"the people are the owners" is the sort of sloganeering that does not make for good policy development.

Fact is, the biggest problems with the New Royalty Framework were not related to the oil sands but to conventional gas.

If this sloganeering actually meant something, then why hasn't the Stelmach govt being taken to task for reversing itself 110% on what it campaigned for? The royalty framework has changed again and again (as business left the province and Stelmach made it more business friendly) and where was the pushback from the "people" with each of these changes?

Once it is out of the ground, is it still the "people's"? Yes? Well then normal business considerations don't apply to upgrading either, I suppose. Do normal business considerations EVER apply? Every stage of production of everything is ultimately a value added from when the product was a rock or a tree.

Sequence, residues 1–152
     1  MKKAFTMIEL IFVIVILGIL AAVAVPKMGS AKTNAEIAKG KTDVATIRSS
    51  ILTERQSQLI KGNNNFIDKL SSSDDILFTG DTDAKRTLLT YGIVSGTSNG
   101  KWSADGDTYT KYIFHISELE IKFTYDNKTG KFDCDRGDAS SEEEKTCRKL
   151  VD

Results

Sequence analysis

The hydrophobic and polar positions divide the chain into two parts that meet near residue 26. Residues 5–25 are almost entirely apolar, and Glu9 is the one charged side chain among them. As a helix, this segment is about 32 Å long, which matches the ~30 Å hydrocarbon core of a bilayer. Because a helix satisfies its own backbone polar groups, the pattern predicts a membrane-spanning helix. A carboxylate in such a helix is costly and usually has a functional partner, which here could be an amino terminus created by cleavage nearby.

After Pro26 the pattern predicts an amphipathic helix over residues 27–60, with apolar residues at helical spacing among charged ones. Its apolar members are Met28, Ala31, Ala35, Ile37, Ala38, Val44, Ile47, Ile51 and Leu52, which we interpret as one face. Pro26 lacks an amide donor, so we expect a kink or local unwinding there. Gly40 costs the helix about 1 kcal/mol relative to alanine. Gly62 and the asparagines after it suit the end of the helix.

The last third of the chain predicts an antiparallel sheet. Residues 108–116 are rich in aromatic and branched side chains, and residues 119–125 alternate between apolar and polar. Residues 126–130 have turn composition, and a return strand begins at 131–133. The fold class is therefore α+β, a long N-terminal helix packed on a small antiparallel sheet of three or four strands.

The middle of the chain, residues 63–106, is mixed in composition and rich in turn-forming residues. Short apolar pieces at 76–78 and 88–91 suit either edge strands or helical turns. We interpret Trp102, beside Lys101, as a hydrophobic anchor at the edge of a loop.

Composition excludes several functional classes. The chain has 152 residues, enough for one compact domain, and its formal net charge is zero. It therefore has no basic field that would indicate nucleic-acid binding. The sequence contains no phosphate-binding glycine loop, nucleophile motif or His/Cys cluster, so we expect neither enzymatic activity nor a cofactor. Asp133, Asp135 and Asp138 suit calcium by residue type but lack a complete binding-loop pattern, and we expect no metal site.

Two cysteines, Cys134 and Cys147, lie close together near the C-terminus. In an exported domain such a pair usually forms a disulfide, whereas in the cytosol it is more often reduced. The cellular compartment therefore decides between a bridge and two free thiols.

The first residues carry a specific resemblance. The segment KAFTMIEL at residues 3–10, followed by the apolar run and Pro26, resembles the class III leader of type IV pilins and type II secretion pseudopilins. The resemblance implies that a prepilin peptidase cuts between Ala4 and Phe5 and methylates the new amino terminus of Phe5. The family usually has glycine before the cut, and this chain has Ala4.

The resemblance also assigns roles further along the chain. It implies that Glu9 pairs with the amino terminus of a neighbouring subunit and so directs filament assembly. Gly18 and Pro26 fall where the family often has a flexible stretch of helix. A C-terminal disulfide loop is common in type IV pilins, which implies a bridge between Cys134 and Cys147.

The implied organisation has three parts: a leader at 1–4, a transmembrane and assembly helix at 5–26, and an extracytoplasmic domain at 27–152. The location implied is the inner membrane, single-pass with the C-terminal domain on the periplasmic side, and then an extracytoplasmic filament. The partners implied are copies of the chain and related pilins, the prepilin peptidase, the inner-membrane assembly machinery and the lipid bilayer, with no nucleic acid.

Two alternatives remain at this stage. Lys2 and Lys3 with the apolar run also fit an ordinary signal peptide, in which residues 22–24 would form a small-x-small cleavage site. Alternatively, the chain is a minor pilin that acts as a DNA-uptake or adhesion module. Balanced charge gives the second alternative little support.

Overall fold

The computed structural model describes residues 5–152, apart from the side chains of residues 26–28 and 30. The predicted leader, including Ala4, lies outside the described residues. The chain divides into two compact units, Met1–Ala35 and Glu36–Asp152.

Functionally, royalties are seen as the same as corporate and investment taxes from the perspective of the energy companies. If there is an intelligent policy argument for higher corporate taxes, fine, but if there isn't, sloganeering does not create one.

If the resource is truly owned by the people, then I would be getting a direct dividend on a regular basis instead of seeing the royalties go into government revenues to be spent on projects that benefit only some Albertans.

Brian Dell said...

I might add that there is a gigantic "is therefore ought" fallacy behind the argument. Energy IS legally Albertans, therefore it OUGHT to be? Had the federal govt not transferred its interest in 1930, it would be Canadian not Albertan. If there is a moral argument for why it should be Albertan instead of Canadian, simply pointing to the current state of the law does not make that argument.

Anonymous said...

I called my MLA and he said he'd never seen this memo. Has anyone seen it?